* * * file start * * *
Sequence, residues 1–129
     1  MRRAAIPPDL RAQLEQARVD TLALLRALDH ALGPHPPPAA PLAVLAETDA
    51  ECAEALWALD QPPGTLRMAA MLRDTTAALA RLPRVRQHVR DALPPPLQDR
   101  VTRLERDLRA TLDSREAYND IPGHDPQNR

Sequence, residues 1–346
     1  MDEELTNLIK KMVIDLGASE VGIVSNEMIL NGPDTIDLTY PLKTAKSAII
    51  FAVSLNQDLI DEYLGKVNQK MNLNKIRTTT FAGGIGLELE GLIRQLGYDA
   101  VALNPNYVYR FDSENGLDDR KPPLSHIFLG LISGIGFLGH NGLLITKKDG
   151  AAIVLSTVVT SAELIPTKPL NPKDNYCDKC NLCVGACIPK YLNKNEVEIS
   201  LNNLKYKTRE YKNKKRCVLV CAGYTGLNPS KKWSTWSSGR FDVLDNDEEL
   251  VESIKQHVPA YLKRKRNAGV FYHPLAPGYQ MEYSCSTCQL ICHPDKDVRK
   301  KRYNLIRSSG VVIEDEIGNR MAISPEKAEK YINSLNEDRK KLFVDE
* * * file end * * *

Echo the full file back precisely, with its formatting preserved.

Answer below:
Sequence, residues 1–129
     1  MRRAAIPPDL RAQLEQARVD TLALLRALDH ALGPHPPPAA PLAVLAETDA
    51  ECAEALWALD QPPGTLRMAA MLRDTTAALA RLPRVRQHVR DALPPPLQDR
   101  VTRLERDLRA TLDSREAYND IPGHDPQNR

Sequence, residues 1–346
     1  MDEELTNLIK KMVIDLGASE VGIVSNEMIL NGPDTIDLTY PLKTAKSAII
    51  FAVSLNQDLI DEYLGKVNQK MNLNKIRTTT FAGGIGLELE GLIRQLGYDA
   101  VALNPNYVYR FDSENGLDDR KPPLSHIFLG LISGIGFLGH NGLLITKKDG
   151  AAIVLSTVVT SAELIPTKPL NPKDNYCDKC NLCVGACIPK YLNKNEVEIS
   201  LNNLKYKTRE YKNKKRCVLV CAGYTGLNPS KKWSTWSSGR FDVLDNDEEL
   251  VESIKQHVPA YLKRKRNAGV FYHPLAPGYQ MEYSCSTCQL ICHPDKDVRK
   301  KRYNLIRSSG VVIEDEIGNR MAISPEKAEK YINSLNEDRK KLFVDE